Warning: I have not had time to clean up the scanned version of these notes. I apologize for the many errors they still contain. If you want a clean copy of them, please ask me.
I Maria McLean, the daughter of a Presbyterian minister, had been well educated and was accomplished musician. She lived almost continuously with her daughter Rachel until her death nearly 90' Rachel's father, Robert Warden Carson, was never a significant influence on daughter's development or outlook. His family background, employment history, and marriage remain obscure. By the time Rachel went off to graduate school, he was in questionable health and died of cardiac arrest in 1935.
2 Interview with Helen Meyers Knox, February 11, 1992, Greensburg, Pa. Both she and Ray had to live frugally and were unlikely to participate in collegiate social life with the daughters of Pittsburgh's wealthy industrialists.
3 Dorothy Thompson Seif, "Letters from Rachel Carson: A Young Scientist Sets her Course~ (unpublished mast, c. 1987) Rachel Carson Council, Inc. Chevy Chase, Md.
4 "I remember Muller's work on the effect of radiation on germ cells was just being talked about when I first studied genetics...." Rachel Carson to Marie Rodell, November 29,1955. Radlel Carson Papers, Yale Collection of American Literature, Beinecke Rare Book and Manuscript Library, ~ University, New Haven, CT. Hereafter cited as RCP. The importance she gave to her worl genetics and mutation is also dear from the text she wrote for the dust jacket of Silent Spnng wl read in part, "While at Hopkins she studied genetics with HS Jennings and later worked with geneticist Raymond PearL She studied radiation as cause of mutations." Marie Rodell to I Brooks, February 16,1960, RCP.
However, early letters to Dorothy Seif indicate that Carson had been originally less t enthusiastic about her study of genetics at Hopkms, although she admired Pearl deeply.
5 General biographical information other than noted comes from the author's interviews material in the Rachel Carson Papers.
6 Rachel Carson, Sd mt Spring (Boston: Houghton Mifflin, 1962), 24.
7 Time Magazine (September 28,1962): 45-46.
8 Carson, Sd mt Spnng, 5.
9 Historians of DDT and its wartime development and early civilian agricultural application, Ja Wharton, Thomas Dunlap, John Perkins, David Pimentel and Edmund Russell have ably documer the scientific arguments advanced for DDT and its related synthetic hydrocarbon pestiddes as ~ as the enthusiastic response of the military, industry, and agriculture. My concern here is to p out the distinctive bureaucratic cultures in which pesticide applications were debated and Ra Carson's involvement on the periphery of those discussions.
10 In FWS the control unit was Rodent amd Predator ControL Their co\mterpart m ARS was Plant Pest Control. Interview with John L. George. July 30, 1991. State College Pa. George worked for FWS from 1958 to 1963 when he moved to the faculty of Pennsylvania State University. George was the first wildlife biologist specifically interested m pesticides to be hired by FWS. Thomas R.Dunlap, Dl~,Sacntists, Citizens, und Public Policy (Princeton: Pnnceton University Press, 19811 36.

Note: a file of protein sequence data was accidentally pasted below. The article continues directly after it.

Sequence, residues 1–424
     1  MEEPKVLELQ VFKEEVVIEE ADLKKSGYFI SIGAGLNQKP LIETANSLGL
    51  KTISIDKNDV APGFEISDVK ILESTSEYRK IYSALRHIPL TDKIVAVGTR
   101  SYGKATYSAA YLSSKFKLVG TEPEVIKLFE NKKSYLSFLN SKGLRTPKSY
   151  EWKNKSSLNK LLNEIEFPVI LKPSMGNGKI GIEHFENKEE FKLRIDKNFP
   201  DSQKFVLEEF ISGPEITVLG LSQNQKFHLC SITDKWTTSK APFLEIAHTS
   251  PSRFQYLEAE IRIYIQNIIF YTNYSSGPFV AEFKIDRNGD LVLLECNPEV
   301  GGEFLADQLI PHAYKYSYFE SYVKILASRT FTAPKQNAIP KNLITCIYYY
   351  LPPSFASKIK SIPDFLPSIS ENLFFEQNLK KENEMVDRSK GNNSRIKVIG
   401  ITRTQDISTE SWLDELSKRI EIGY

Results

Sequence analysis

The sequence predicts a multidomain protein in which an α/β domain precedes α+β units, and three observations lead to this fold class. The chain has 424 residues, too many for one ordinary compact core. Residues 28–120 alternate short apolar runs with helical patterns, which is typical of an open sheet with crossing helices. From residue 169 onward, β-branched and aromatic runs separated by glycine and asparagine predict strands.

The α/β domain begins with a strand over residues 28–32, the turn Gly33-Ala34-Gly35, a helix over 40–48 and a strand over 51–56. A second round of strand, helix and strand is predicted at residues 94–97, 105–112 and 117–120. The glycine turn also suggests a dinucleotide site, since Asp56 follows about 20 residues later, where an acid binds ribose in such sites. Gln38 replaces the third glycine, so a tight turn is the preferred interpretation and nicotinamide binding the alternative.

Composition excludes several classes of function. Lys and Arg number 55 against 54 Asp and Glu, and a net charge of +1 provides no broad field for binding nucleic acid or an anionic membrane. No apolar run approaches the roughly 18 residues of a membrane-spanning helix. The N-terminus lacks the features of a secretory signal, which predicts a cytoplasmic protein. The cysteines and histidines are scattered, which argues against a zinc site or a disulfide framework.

This is a crucial distinction. Dunlap clarifies this noting that this shift to chemical control occurred when pioneer entomologists with broad training in biology were replaced by those with a far narrower technical training. The "old" economic entomologists "tended to see insects as part of nature, and to see economic entomology as part of ecology." The "new" economic entomologists were agricultural sdentists, not bidogists, interested in applications. They were '1ess concemed about general study of insects or their place m biology." See Royal N. Chapmam, Animul Eeology (New York McGraw Hill, 1931): 873 89a See also EH. Smith, "The Entomological Society of America: The First Humdred Years, 1889-1989." The Entomological Society of America, 1989. Stephen A. Forbes in his Presidential Address to the Entomological Society of America in 1915 was disturbed by the direction of the profession. "An economic entomologist," he argued is an ecologist, pure and simple, whether he calls himself so or not." "Ecological Foundations of Applied Entomology," Annual6 of thc Entomological Socicty of Americu. 7(1915): 1-19.
I am indebted to David Pimentel, Department of Entomology, CorneU University, for refining my understanding of the "new" entomology and the pestidde debate within the profession during the S0cnt Spring controversy.
11 Interview with John L. George, July 31, 1991, State CoUege, Pa. James B. DeWitt, "Chronic Toxicdty to Ouail and Pheasants of Some Chlorinated Insectiddes," Journal of Agrie~lturc und Food Chemistry, 4 (October 1956): 86~866. Lmda J. Lear, "BombaheD in Beltsville: The USDA and the ChaDenge of S0ent Spring." Agriculturul History. 66, 2(Spring 1992): 152-170. See also Pete Daniel, "A Rogue Bureaucracy: The USDA Flre Ant Campaign of the Late 1950s," AgrieulturAl Hisf ory, 64(5pring 1990): 99-121.
12 "Patuxent Wildlffe Research Center,~ Fish and W0dlife Ncws (February March 1989): 6-7.
13 At Patuxent George and his chief, biochemist James DeWitt, directed field work on pesticide residues and established the increasing concentrations of hydrocarbon pestiddes in a variety of birds. Like Cottam earLer, George increasingly fc~und himself professionaDy and politicaUy isolated. Both Dan Janzen, the director of FWS and John Buckley, the director of Patuxent, shared the views of the control entomologists dlat "there was nodling good about the noxious critters," and supported the program of pest eradication. These control entomologists understood chemicals but they knew litBe about the Iffe cycle of the msect they were attempting to eradicate. Interview with John L. George, |uly 30, 1991, State College, Pa.